Wireline carriers make up a landscape all their own, but it does have AT&T and Verizon's total domination of the competition in common with the wireless scene. AT&T put all others to shame for the first quarter of this year, while Verizon's efforts for this quarter amounted to just a bit less than their rival. To be a bit more specific about just how much better AT&T and Verizon did than their competitors this quarter, their total wireline revenues were $39.4 billion and $29.8 billion respectively, while their closest competitor, CenturyLink, didn't even manage to crack $5 billion, sitting at $4.21 billion. Frontier, the buyer that's taking over Verizon's landline business in some areas, pulled down $2.36 billion for the quarter. Windstream rounded out the billionaires' club with $1.37 billion. From there, a number of regional providers topped the charts.
AT&T and Verizon were the only ones to actually add wireline broadband subscribers back in the fourth quarter of 2016, while CenturyLink didn't report their adds and losses, and mostly everybody else had a net loss or a negligible net add for wireline. AT&T added some 242,000 customers, while Verizon nabbed 35,000 for that period. AT&T absolutely dwarfed everybody else in the space on net adds and video adds during that time, mostly due to growth in their U-Verse product line's customer base. Verizon saw modest gains in Fios.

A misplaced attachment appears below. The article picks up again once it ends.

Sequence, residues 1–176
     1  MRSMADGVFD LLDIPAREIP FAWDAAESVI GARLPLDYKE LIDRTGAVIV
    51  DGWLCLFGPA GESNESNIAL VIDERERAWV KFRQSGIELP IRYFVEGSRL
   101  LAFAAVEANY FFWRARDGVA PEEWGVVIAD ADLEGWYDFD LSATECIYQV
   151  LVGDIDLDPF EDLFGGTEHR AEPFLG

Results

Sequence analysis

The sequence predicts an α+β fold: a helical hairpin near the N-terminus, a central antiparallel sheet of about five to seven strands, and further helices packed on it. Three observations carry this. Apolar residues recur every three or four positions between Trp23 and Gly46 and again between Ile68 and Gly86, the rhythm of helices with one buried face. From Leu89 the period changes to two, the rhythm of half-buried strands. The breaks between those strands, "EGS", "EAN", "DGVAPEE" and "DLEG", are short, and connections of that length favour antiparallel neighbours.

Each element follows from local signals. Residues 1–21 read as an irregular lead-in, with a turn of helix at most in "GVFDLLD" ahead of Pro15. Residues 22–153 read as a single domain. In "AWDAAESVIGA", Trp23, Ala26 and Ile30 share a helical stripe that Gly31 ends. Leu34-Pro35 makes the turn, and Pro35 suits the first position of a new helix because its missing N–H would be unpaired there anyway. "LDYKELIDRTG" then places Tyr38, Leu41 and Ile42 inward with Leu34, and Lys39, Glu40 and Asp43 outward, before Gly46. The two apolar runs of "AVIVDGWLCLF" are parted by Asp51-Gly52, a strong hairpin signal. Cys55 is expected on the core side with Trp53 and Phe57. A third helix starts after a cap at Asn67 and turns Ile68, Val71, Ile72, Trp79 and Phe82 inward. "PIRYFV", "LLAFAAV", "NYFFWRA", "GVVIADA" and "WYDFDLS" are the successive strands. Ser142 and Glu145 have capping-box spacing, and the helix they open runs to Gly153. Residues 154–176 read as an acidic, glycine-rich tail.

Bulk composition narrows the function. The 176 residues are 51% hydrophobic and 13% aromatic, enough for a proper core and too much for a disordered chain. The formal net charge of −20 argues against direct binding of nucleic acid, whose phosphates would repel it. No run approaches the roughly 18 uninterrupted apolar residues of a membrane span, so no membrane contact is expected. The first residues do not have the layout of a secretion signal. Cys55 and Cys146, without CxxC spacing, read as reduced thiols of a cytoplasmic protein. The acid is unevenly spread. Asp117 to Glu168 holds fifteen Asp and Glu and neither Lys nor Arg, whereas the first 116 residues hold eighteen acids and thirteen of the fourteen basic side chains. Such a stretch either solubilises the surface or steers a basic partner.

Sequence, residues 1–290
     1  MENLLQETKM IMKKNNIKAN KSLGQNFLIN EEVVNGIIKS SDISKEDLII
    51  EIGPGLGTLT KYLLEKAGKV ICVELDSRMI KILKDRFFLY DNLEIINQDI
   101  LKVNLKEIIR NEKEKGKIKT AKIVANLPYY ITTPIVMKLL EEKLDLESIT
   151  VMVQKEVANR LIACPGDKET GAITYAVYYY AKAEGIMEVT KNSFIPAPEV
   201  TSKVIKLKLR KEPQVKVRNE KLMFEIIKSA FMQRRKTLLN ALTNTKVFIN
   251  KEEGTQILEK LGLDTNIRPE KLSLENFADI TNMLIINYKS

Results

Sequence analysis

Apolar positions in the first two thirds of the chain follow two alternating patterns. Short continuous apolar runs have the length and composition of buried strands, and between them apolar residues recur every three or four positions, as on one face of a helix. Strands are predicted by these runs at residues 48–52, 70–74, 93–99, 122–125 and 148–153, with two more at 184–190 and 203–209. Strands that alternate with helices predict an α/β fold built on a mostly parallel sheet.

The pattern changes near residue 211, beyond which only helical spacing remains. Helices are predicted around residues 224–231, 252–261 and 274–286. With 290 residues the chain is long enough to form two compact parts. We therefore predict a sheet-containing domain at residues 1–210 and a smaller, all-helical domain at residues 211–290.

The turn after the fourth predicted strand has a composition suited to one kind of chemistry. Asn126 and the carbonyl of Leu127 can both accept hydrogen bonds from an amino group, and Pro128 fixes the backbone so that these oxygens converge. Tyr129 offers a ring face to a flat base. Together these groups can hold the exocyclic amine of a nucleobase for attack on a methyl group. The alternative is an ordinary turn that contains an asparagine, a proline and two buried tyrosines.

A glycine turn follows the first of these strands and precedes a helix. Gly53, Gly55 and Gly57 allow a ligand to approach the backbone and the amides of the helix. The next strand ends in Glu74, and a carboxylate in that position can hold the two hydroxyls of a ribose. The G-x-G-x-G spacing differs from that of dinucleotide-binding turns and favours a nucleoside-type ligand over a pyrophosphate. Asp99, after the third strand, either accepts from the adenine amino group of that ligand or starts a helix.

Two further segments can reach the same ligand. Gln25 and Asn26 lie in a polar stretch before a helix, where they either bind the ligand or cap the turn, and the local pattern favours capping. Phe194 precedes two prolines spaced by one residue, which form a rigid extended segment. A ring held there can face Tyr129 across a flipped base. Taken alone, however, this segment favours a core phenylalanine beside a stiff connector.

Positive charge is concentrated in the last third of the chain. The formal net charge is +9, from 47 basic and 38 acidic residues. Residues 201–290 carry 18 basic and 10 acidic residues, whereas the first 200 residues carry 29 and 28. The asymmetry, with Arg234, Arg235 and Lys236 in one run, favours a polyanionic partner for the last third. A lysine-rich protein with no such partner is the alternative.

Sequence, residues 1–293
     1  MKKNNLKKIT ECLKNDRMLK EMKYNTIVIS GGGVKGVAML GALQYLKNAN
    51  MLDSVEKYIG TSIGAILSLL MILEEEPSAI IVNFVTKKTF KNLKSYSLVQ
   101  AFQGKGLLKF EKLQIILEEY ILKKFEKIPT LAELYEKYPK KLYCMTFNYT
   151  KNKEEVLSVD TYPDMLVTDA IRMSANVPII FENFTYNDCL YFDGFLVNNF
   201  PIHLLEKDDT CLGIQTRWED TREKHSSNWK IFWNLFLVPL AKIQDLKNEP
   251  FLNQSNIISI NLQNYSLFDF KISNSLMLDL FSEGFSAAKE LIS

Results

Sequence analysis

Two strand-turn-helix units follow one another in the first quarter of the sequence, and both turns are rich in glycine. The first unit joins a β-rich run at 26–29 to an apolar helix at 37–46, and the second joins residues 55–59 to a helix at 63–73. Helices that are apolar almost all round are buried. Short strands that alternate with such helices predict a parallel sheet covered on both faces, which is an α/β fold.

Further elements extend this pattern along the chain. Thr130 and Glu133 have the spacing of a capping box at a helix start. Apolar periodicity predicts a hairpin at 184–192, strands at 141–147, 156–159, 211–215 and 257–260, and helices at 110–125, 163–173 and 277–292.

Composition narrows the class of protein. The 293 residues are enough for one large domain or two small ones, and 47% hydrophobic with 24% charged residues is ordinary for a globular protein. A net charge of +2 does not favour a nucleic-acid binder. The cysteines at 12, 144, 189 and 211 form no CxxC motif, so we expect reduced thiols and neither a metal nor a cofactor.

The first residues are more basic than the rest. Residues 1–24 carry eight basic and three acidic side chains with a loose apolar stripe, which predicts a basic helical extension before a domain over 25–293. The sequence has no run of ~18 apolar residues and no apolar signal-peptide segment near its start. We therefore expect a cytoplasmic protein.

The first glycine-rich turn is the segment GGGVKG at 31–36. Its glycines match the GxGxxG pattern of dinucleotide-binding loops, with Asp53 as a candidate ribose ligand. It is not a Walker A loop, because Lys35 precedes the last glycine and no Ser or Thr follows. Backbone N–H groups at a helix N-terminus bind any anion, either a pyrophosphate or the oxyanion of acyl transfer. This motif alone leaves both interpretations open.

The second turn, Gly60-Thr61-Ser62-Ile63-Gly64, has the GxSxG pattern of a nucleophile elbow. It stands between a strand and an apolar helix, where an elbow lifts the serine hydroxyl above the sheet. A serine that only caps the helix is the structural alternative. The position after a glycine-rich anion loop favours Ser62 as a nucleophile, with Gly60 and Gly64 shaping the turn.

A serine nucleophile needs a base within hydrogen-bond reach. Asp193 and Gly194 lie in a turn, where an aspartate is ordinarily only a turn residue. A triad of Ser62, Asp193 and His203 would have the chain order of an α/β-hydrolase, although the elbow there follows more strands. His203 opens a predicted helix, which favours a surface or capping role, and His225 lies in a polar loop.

On the wireless side of things, Verizon's Q1 for this year marked their first net subscriber loss in the history of their wireless operations, but they still managed to post decent revenue. AT&T was in a fairly similar boat this quarter, posting a net subscriber loss alongside their mostly on-par revenue. Verizon fell a tad short of Wall Street forecasts, while AT&T met them despite some stumbling blocks. With multiple cable companies poised to make the jump into the wireless industry in the near future, it will be interesting to see how full-service companies like AT&T and Verizon react to the changes in both markets. Comcast and others getting in on the wireless game may end up causing a mere flash in the pan, so to speak, but anything more will all but require some sort of concerted response from established players.